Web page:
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Marty Block sent out a shocker on the Senate floor Thursday morning when he announced he is dropping out of the Senate race against Toni Atkins – a Dem on Dem contest that has drawn statewide attention. Just days earlier, Block was touting his many endorsements. But, “(T)he more I thought about it, the more it just didn’t make sense for us to be fighting,” he said, according to the Sacramento Bee.
Later in the day, he released a statement with more explanation:
“Since I first announced I was running for reelection last year, the debates between Speaker Atkins and me have repeatedly demonstrated that we have very similar progressive positions on issues. It logically follows that we can best advance a progressive Democratic agenda both in San Diego and in the Capitol by working together. In the last few days since our most recent debates, this has become clear to me. Therefore, this morning I announced on the Senate floor that I will not file for re-election next month.”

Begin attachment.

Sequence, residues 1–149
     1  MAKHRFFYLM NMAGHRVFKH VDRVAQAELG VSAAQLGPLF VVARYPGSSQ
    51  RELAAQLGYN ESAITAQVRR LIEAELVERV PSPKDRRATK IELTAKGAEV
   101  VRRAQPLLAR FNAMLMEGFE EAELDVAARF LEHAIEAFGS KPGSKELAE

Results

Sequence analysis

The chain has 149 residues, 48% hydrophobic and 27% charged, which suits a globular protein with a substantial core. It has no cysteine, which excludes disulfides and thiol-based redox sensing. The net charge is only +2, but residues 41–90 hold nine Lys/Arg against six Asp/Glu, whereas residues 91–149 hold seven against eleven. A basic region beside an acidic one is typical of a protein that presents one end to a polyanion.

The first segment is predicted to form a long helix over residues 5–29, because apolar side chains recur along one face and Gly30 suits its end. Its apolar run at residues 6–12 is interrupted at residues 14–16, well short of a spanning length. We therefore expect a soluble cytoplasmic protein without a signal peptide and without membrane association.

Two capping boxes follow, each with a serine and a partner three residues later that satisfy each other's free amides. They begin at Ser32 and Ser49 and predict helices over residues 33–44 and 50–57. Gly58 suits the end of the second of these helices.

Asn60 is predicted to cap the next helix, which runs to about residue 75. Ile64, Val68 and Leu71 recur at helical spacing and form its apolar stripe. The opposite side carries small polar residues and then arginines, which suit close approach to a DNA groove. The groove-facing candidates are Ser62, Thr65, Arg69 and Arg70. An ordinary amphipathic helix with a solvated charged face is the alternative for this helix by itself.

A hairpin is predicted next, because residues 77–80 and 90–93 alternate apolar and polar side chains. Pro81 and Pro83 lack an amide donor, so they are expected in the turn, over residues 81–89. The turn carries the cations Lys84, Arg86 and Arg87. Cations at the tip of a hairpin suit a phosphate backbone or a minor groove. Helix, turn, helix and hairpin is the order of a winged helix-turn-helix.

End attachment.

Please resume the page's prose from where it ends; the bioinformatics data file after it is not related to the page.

Atkins quickly issued a statement of her own:
“I was as surprised as his colleagues with Senator Block’s announcement. What is no surprise to me, having appeared at so many campaign events with him recently, is how much Marty Block believes in the State Senate and its ability to do good for the people of the 39th District. Our community has been beyond fortunate to have had some great State Senators, including Lucy Killea, Dede Alpert, and my mentor, Chris Kehoe. Marty Block was a fitting member of that line-up. I will work very hard to measure up to the standards they all set. “
Already in the works before the campaign shake-up: Atkins will also unveil two pieces of human trafficking legislation Friday.
The first measure would create a pilot project that provides housing with wraparound services for minors who have been victims of sex trafficking. Right now, these kids either find themselves in foster care or juvenile detention – places advocates say don’t give them the support they need for recovery.